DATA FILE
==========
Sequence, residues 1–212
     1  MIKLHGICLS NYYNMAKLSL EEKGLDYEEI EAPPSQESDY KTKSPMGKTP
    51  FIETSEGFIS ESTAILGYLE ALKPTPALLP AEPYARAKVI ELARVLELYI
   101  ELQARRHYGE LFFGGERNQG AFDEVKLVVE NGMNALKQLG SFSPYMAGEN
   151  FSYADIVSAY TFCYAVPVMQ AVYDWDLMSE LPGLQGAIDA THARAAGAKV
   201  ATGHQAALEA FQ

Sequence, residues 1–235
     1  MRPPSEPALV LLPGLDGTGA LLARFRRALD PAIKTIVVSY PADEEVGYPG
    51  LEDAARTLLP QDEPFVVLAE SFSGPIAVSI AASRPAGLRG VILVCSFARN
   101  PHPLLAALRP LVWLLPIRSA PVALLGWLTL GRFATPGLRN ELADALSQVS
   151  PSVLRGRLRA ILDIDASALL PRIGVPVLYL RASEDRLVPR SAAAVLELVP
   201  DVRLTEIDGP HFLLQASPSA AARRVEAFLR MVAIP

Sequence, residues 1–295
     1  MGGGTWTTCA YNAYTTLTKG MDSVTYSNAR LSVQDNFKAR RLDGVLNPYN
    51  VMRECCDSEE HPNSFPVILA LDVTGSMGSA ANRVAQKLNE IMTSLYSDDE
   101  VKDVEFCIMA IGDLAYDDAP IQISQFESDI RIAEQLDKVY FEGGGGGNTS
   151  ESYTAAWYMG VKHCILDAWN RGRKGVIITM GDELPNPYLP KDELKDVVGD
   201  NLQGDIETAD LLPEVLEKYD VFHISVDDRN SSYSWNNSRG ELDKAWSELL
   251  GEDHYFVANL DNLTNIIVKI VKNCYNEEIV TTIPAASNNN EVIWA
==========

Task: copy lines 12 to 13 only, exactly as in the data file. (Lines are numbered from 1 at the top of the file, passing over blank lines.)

   201  DVRLTEIDGP HFLLQASPSA AARRVEAFLR MVAIP

Sequence, residues 1–295